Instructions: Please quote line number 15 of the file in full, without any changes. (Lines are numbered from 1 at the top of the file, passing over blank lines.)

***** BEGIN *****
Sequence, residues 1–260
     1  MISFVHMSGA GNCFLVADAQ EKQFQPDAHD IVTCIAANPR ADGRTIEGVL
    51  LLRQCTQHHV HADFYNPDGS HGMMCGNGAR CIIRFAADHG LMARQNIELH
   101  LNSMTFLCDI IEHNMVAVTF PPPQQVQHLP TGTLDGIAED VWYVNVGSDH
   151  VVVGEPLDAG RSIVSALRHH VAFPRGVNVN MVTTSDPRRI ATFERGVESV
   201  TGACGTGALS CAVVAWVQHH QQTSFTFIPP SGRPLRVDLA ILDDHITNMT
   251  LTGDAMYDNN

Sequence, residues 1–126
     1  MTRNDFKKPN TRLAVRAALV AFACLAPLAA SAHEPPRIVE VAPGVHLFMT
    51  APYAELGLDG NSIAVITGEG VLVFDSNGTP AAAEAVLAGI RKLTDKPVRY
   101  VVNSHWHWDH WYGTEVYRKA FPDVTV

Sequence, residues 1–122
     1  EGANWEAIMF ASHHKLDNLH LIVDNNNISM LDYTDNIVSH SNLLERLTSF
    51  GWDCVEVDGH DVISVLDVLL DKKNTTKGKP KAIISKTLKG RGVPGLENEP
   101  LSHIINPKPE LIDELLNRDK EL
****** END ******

   101  LSHIINPKPE LIDELLNRDK EL